Friday, December 26, 2008
Simultaneously erotic, lonely and altogether heartbreaking, Kris Kristofferson’s landmark “Help Me Make it Through the Night” has been recorded by hundreds of major artists ranging from Kris himself, to Johnny Cash, to Gladys Knight, to Elvis Presley.
The legendary and influential singer song-writer wrote the song in a highly unusual place, as Kristofferson recalled in the essential book on Elvis Presley songwriters, "Writing for the King" with, “I wrote the song when I was still flying petroleum helicopters out in the Gulf of Mexico. I wrote it out there on one of those lonely oil rigs where we lived at for a week at a time. It was a good way to deal with the loneliness out there…” It is that loneliness that comes through the most in the song’s haunting lyrics of a man so desperate for a night of human contact that he is literally willing to ‘let the devil take tomorrow’ for it.
Kris’ version first appeared on his seminal self-titled 1970 album that would alert the world to his considerable skills as an interpreter of his own material. "Help Me Make it Through the Night", ironically and controversially, first became a hit for a woman when country singer Sammi Smith recorded it for her album named after the song also in 1970. Smith’s version was a smash hit and landed at number one across the country charts and was seen as a major leap forward for many conservatively minded radio stations and listeners, as it helped correlate country music with the sexual revolution that was sweeping the country in the early seventies.
Kristofferson’s favorite version of the song was recorded shortly after Smith’s when Elvis Presley recorded a splendidly laid back and chillingly heartfelt take in
1971. Kris said of Elvis in "Writing For The King" that, “I found out that Elvis recorded it when I was on the road” and that even though “all my heroes were recording my stuff” that “To have Elvis record your song was amazing.” Kris recalled the first time he heard Elvis’ eerie take later with, “I was in Bob Beckham’s office at Combine Music in Nashville when I first heard Elvis’ version of "Help Me Make it Through the Night", We played it and it was just like being at church…the fact that it was Elvis singing your song was an honor…I like everything that Elvis did. I just liked his approach.” Not totally sure why Elvis picked the song, Kris finally decided that, “Certainly it’s a situation he could have identified with. I mean, 'Help me make it through the night', I’m sure he could have identified with that emotion.”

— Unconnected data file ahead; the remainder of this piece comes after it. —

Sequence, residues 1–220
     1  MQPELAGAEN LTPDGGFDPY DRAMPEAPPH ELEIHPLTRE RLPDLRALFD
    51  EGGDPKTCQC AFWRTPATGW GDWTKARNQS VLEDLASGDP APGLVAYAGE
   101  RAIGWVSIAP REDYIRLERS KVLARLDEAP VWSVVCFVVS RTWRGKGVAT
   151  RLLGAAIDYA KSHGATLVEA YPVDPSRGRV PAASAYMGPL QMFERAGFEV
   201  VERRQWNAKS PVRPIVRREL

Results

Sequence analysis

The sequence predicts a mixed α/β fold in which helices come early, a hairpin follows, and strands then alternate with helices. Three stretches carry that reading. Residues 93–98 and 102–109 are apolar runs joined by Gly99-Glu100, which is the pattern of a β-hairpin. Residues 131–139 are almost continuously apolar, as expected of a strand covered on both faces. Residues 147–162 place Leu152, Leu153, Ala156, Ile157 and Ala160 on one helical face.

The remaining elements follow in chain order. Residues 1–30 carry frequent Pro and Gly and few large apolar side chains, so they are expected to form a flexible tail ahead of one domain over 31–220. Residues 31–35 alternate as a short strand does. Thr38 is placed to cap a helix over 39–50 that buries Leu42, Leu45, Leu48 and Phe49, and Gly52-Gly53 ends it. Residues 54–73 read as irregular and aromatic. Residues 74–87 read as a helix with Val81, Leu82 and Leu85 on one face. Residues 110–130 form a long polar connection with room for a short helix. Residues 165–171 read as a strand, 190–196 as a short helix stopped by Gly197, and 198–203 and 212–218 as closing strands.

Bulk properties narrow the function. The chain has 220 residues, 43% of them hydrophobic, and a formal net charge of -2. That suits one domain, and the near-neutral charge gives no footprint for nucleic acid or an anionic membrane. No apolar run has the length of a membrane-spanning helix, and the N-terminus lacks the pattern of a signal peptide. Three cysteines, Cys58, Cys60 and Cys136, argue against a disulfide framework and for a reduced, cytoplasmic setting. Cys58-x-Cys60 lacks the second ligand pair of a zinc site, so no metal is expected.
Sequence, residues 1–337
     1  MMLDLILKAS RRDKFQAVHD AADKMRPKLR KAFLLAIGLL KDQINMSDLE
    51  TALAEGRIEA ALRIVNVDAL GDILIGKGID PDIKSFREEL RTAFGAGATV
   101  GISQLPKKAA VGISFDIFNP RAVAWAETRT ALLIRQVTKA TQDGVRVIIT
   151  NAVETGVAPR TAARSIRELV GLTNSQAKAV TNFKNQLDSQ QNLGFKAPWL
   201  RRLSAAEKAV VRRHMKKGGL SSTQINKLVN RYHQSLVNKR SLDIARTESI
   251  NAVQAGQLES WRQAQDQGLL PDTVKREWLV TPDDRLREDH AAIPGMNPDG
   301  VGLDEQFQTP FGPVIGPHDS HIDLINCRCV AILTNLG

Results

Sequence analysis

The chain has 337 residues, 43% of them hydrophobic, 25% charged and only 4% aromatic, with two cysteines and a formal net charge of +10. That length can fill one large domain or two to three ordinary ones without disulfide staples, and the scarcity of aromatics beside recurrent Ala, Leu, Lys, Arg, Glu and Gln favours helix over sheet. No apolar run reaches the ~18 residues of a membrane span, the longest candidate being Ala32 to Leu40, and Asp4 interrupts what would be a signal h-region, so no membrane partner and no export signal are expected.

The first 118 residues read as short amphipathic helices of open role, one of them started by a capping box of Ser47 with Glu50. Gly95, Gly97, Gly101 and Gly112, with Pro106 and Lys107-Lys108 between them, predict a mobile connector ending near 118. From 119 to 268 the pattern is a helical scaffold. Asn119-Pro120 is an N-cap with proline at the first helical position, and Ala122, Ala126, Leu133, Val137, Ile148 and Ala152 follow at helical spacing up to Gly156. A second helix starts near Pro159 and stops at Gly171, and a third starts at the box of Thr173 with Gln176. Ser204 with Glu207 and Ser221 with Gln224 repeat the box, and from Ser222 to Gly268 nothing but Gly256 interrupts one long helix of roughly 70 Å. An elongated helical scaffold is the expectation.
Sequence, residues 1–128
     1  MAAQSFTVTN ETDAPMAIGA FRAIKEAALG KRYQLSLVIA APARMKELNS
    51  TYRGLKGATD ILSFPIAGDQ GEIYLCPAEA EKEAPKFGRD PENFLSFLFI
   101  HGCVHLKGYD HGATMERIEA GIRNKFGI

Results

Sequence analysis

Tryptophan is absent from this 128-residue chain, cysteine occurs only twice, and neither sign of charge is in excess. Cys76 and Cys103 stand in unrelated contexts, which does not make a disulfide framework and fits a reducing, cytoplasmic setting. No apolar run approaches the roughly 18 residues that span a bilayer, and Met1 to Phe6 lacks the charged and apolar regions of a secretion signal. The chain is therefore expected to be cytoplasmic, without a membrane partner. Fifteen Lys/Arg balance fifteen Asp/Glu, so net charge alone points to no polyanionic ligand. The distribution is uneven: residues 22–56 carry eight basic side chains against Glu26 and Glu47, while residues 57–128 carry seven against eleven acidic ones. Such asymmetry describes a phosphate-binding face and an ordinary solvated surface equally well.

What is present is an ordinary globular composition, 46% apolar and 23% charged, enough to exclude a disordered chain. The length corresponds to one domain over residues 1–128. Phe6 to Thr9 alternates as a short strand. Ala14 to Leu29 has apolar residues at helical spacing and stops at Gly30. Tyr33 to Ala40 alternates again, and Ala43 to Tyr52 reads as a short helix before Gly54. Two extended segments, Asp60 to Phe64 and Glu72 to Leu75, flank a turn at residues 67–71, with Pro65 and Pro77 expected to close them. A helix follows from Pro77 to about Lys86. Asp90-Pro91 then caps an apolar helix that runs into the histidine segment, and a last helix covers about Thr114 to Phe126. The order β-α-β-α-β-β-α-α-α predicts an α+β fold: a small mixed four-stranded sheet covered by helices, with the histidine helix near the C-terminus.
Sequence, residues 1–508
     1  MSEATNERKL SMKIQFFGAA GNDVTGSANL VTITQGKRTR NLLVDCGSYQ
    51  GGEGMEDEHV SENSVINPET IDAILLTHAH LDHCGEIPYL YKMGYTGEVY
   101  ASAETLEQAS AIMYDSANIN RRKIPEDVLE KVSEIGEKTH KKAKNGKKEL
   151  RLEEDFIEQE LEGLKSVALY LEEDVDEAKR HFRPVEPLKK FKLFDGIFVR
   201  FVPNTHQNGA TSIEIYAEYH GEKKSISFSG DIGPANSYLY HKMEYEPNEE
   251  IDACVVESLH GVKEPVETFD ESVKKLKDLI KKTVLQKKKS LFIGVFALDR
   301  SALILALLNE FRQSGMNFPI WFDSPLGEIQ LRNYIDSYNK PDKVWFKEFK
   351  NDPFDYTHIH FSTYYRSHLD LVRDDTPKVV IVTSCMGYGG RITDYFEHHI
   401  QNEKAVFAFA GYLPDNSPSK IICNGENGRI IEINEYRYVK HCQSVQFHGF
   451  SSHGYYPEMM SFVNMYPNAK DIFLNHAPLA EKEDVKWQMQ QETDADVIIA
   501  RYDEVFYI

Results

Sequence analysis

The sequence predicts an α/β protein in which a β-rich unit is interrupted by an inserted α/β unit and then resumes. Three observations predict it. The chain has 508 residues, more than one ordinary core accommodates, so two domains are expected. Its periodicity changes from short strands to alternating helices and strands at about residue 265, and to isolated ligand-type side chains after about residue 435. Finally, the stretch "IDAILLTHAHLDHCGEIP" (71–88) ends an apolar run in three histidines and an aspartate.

The song became one of the most recorded of the seventies and appealed to country, pop, soul and rock fans. It even appealed to director John Huston, who used it to great effect in his 1972 feature Fat City, a film in which Kris appeared.
Some of the most notable version include this wonderful rendering by Gladys Knight and the Pips for the mid seventies:
And here is Johnny and June Cash singing the song famously as a duet:
Kris himself has continued to make the song a staple of his own live shows and this performance of it on the Old Grey Whistle Test with Rita Coolidge remains a particular favorite:
A humorous anecdote about the song came out recently courtesy of Criterion’s excellent Two Lane Blacktop set, on which director Monte Hellman interviews Kris. Kris recalled that during Bob Dylan’s recording session of his legendary Pat Garrett and Billy the Kid Soundtrack, a film in which Kris starred as The Kid, director Sam Peckinpah drunkenly interrupted it one night telling Dylan he wished he would stop what he was doing and lay down something like “Help Me Make it Through the Night.”
Despite all of the versions, Kris seems to remain proudest of Presley’s and would say in Writing for the King that, “It’s one of the highlights for me to have had Elvis cut one of my songs…I would have never dreamed that Elvis would sing one of my songs (and) with so much soul. I feel a lot of gratitude for that.” Elvis would record two other Kris Kristofferon songs in the seventies, “For the Good Times” and “Why Me Lord” before his untimely death in 1977. The mind boggles at the kind of collaborative work the two could have done as songwriter and interpreter had things worked out differently.